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Cleaner organisms exhibit a remarkable natural behaviour where they consume ectoparasites attached to "client" organisms. While this behaviour can be utilized as a natural method of parasitic disease control (or biocontrol), it is not known whether cleaner organisms can also limit reinfection from parasite eggs and larvae within the environment. Here we show that cleaner shrimp, Lysmata amboinensis, consume eggs and larvae of a harmful monogenean parasite, Neobenedenia sp., in aquaculture. Shrimp consumed parasite eggs under diurnal (63%) and nocturnal (14%) conditions as well as infectious larvae (oncomiracidia) diurnally (26%). Furthermore, we trialled the inclusion of cleaner shrimp for preventative parasite management of ornamental fish, Pseudanthias squamipinnis, and found shrimp reduced oncomiracidia infection success of host fish by half compared to controls (held without shrimp). Fish held without cleaner shrimp exhibited pigmentation changes as a result of infection, possibly indicative of a stress response. These results provide the first empirical evidence that cleaner organisms reduce parasite loads in the environment through non-symbiotic cleaning activities. Our research findings have relevance to aquaculture and the marine ornamental trade, where cleaner shrimp could be applied for prophylaxis and control of ectoparasite infections.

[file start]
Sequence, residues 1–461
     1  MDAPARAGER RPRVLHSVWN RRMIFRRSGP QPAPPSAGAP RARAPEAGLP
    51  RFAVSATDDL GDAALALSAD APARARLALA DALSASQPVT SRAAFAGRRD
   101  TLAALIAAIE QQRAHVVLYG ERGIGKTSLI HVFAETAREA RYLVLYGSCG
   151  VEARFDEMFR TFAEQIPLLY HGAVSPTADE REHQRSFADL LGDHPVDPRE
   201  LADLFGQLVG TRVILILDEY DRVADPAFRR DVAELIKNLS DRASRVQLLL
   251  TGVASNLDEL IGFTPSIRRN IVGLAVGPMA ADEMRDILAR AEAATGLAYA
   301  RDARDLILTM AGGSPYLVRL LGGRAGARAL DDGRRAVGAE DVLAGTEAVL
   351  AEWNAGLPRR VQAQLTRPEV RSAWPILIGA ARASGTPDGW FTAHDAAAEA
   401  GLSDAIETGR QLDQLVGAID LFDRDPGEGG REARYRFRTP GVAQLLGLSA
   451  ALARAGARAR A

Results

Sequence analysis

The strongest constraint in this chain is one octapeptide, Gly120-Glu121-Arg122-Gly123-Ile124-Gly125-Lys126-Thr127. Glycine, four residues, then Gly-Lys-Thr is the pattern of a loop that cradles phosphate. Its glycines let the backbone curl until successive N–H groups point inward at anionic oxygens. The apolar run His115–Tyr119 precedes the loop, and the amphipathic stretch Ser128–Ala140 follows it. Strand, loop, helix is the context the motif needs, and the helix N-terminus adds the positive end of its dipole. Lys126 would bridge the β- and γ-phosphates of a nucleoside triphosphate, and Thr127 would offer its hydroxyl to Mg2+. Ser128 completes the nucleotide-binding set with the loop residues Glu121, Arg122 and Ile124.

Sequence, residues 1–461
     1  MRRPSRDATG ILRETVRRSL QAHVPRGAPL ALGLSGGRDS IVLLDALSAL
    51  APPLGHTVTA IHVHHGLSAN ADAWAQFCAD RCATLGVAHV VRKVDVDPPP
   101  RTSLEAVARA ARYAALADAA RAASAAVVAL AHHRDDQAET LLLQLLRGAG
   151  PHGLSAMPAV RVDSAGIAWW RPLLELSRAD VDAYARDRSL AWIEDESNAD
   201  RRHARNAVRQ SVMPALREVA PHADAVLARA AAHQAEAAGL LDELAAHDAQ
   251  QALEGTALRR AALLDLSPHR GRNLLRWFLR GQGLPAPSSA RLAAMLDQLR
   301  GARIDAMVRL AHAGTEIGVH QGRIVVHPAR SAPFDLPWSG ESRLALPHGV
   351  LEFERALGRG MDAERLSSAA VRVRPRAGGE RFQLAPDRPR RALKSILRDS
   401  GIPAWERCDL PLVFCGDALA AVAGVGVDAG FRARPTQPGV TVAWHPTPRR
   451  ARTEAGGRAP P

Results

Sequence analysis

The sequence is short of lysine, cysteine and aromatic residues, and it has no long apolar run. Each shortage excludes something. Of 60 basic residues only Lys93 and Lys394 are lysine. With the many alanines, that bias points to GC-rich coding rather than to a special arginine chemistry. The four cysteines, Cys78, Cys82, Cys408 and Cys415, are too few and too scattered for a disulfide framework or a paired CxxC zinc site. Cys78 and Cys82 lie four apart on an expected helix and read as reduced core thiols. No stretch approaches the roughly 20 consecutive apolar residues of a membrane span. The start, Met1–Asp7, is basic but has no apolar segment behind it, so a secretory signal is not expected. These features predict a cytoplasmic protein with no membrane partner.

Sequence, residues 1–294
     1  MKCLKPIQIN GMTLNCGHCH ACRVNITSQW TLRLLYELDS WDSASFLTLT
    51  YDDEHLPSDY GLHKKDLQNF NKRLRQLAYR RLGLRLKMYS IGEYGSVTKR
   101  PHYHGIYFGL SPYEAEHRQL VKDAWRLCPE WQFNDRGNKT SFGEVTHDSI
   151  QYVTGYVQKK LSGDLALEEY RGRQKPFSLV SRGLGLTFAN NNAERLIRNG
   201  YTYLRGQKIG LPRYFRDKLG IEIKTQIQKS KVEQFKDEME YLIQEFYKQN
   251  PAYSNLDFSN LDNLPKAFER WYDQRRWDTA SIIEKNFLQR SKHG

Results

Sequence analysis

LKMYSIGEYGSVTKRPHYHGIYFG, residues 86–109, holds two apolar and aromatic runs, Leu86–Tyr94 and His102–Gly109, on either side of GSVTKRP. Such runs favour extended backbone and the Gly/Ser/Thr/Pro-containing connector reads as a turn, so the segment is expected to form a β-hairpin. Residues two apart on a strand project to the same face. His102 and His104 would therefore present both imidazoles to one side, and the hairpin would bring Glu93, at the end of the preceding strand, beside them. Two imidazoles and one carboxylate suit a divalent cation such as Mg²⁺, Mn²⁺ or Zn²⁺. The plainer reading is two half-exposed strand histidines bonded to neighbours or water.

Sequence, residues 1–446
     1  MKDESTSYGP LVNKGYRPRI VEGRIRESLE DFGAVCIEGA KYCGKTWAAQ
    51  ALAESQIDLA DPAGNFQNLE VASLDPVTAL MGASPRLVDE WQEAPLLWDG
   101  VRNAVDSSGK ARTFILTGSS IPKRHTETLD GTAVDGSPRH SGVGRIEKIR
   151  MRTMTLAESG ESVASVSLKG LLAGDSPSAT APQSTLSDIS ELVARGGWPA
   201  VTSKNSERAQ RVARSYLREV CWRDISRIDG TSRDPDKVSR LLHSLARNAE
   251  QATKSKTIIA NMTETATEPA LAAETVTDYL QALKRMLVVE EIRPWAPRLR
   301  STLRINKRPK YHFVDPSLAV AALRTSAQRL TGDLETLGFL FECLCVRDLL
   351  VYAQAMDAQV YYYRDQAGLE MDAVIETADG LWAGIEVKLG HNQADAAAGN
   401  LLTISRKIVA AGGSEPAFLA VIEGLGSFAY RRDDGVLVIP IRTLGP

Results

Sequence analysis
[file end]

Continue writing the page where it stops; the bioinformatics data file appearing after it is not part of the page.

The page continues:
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Cleaning symbiosis encompasses a large diversity of organisms in reef systems, but has been mostly recorded at daytime. We report two instances of nocturnal cleaning by the shrimp Urocaridella sp. in a shipwreck at Tulamben, Bali, Indonesia. These cleaning episodes involved the pufferfish Arothron nigropunctatus and the rabbitfish Siganus studeri as clients. The fishes were resting near the shipwreck while the shrimp inspected them. Different from records of diurnal cleaning, in which clients pose and change colours to attract the cleaner´s attention, it seems unlike that fishes would have intentionally attracted the attention of the cleaner in the present study, as both fishes were resting. Therefore, both events seem to have occurred due to the simple presence of fishes resting next to cleaner shrimps. Therefore, the scarcity of nocturnal cleaning records may be explained by the strict diurnal activity of cleaner fishes, especially wrasses (Labridae) and gobies (Gobiidae). Additionally, visual communication has been shown to be an important component of interactions between cleaner fishes and clients, what seems to restrict these interactions at night. However, as cleaner shrimps are distributed worldwide, and since some species are active at night and not predominately visually oriented, we suggest that this type of nocturnal cleaning occurs globally in the reef habitat.